Next, philosopher Robert Spaemann argues that integration of the natural sciences with the humanities is still premature, but that only the idea of creation unifies these two worldviews — science and our human self-understanding. That is, the same divine will accounts for both evolution and evolution's producing an intelligent being who acknowledges his Creator. Science can explain in Darwinian terms how humans and other species have evolved, but this does not exclude a separate explanation for the true, the good, and the beautiful.
The third essay is by Paul Erbrich, a Jesuit priest and professor emeritus of natural philosophy. Like the others, he concedes the fact of evolution and the efficacy of "Darwin's mechanism of chance and natural selection" (p 71; emphasis in original) as a "mechanism of optimization"; but with the reservation that this "presupposes something to be optimized": namely, "an innovation that must have come about in some other way" (p 72). For Erbrich, "evolution as a whole is goal-oriented .... For phylogenesis is an orthogenesis, a development toward a higher level ... an ever greater emancipation from the constraints of the environment, certainly not for every species of living thing, but for the front-runners in the evolutionary crowd" (p 74). He cites the emancipation of amphibians and reptiles from water, amniotes' evolution of climbing and flight, adaptation to cold climates, and human intelligence. These advances he credits to true teleology, "purposefulness in the living things that are ... selected", which makes competition possible — not a mere teleonomy or mechanical simulation of goal-seeking (p 72–3). Because "if there is purposefulness, then there is no more compulsion [for scientists] to keep appealing to chance" (p 76).
Erbrich infers a "leap" (from inorganic to organic) that he thinks evolutionists try to gloss over with the idea of self-organization. He doubts that "[a] really original totality could ... come into being through composition": for example, fusion of egg and sperm "would not be the origin and first cause of a living thing," but only a prerequisite for "a new foundation in a radical sense," that is, a creation of God (p 83). Evolutionary theology would allow instead that "composition" is simply a way that creatures participate in God's creative act — no longer a shocking notion to many Christians, but one not easily grasped by this traditionalist strain of philosophy.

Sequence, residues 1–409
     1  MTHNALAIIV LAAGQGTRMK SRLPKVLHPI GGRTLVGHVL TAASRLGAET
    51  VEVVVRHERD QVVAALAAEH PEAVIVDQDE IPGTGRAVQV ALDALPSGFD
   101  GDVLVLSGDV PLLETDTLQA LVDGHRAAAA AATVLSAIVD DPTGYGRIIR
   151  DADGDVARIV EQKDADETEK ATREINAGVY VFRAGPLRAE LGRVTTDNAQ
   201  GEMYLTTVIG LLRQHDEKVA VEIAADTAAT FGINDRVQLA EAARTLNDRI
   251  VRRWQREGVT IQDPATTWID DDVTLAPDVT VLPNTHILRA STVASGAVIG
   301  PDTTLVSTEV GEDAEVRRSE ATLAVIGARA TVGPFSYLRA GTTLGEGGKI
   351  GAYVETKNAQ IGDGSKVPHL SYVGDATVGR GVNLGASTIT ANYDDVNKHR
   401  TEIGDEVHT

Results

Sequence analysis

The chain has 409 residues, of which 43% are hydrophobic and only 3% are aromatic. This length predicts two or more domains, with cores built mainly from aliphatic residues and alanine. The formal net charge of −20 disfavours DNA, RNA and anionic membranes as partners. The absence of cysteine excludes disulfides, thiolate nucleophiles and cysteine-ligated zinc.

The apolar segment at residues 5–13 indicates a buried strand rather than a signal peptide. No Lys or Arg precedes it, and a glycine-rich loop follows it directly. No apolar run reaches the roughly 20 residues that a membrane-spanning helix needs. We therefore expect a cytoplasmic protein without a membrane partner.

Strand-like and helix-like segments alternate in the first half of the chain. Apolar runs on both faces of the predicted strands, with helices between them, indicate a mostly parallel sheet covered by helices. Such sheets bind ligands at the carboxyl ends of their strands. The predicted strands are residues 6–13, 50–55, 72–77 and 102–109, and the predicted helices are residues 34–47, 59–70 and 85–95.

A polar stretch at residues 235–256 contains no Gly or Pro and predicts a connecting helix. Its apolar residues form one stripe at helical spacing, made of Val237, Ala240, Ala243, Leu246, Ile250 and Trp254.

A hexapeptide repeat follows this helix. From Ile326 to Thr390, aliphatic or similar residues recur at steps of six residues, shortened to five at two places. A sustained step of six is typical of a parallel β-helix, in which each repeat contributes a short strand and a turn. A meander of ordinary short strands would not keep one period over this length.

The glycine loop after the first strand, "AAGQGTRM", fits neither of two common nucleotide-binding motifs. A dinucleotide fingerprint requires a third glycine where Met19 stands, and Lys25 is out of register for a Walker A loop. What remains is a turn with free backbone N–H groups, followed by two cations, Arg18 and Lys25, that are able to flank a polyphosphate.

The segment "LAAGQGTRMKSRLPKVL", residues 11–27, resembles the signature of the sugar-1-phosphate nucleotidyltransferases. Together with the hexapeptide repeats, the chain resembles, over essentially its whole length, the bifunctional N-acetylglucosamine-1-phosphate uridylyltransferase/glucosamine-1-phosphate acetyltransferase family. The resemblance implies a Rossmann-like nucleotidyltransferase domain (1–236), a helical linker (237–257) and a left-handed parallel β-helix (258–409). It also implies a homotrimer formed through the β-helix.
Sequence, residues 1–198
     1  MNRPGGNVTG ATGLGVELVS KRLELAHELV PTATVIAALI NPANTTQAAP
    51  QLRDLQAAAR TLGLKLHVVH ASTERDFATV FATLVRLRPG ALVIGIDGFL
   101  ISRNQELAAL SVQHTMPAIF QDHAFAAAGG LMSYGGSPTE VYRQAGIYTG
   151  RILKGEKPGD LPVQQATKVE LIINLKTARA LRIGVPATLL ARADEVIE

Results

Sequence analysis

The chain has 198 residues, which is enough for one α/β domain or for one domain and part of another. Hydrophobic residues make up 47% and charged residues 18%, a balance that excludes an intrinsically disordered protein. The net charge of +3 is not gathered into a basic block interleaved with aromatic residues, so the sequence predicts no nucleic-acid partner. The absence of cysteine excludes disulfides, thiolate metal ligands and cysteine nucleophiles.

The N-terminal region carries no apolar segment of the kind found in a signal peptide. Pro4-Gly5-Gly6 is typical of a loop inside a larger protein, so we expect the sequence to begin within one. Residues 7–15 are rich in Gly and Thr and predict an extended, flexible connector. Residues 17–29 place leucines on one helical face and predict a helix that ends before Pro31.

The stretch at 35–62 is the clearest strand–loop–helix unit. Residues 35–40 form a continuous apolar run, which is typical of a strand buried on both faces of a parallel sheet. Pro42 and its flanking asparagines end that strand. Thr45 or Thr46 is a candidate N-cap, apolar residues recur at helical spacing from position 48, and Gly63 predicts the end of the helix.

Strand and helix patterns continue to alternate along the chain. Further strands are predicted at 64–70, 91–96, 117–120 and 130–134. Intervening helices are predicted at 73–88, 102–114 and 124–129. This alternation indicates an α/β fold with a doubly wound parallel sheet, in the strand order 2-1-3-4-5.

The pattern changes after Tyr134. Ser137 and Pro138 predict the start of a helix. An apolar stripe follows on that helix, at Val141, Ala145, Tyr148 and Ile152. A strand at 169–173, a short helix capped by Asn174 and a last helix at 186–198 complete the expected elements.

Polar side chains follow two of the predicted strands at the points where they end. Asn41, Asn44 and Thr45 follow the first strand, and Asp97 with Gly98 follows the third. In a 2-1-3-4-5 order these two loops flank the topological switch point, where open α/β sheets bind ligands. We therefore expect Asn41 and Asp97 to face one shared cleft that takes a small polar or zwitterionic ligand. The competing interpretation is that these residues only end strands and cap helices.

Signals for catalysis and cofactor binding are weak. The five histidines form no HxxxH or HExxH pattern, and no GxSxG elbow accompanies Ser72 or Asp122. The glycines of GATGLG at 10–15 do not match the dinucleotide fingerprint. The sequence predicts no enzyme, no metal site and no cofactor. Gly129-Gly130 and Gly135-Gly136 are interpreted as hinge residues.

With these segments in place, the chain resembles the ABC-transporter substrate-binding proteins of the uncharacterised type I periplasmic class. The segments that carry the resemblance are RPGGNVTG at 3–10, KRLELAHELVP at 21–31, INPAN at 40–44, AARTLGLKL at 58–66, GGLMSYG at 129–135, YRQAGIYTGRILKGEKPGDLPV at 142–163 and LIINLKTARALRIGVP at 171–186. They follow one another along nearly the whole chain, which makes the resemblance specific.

In his own essay, Schönborn takes up the same theme, with quotes from Isaac Newton attacking Cartesian materialism and deism and arguing for God's active governance of the world as inferred from "the appearances of things." For Schönborn, Newton's arguments contain in a nutshell "the essential questions that are still at issue today ... between science, reason, and faith" — particularly in Schönborn's New York Times article (p 86). Unfortunately, he disregards the post-Newtonian answers to these questions; so what follows lags disappointingly behind where today's discussion ought to be.
Schönborn sets out "to release Darwin from Darwinism, free him from the ideological fetters" of a materialist worldview (p 90), which he says can only be done on the level of metaphysics. He explicitly disavows the "creationist" position, which is "based on an understanding of the Bible that the Catholic Church does not share" (p 91). "The possibility that the Creator also makes use of the instrument of evolution is admissible for the Catholic faith." He rejects Gould's "non-overlapping magisteria," insisting there must be "intersections" between theology and science, though "not every variation on the theory of evolution is consistent with faith in creation" (p 92). So far, so good: his objection is to atheistic evolutionism à la Dawkins, and I would agree.
But then he quotes with approval the view that origin of life from "blind matter ... is incompatible with the Christian doctrine of creation," and argues that the strictly methodological materialism of science "cannot do justice to the whole of reality" because, as an intellectual act, it "presupposes reason, will, and freedom" (p 93). Of course, a methodological (rather than a philosophical) materialist would not claim that science can address the whole of reality. But in asserting that intellectual acts "cannot be the effect of forces that are of a purely material sort" (p 94–5), the cardinal reveals how deeply his thought, like much Christian philosophy, is tainted by the Gnostic heresy — which denies that anything good, let alone spiritual, can come from mere matter.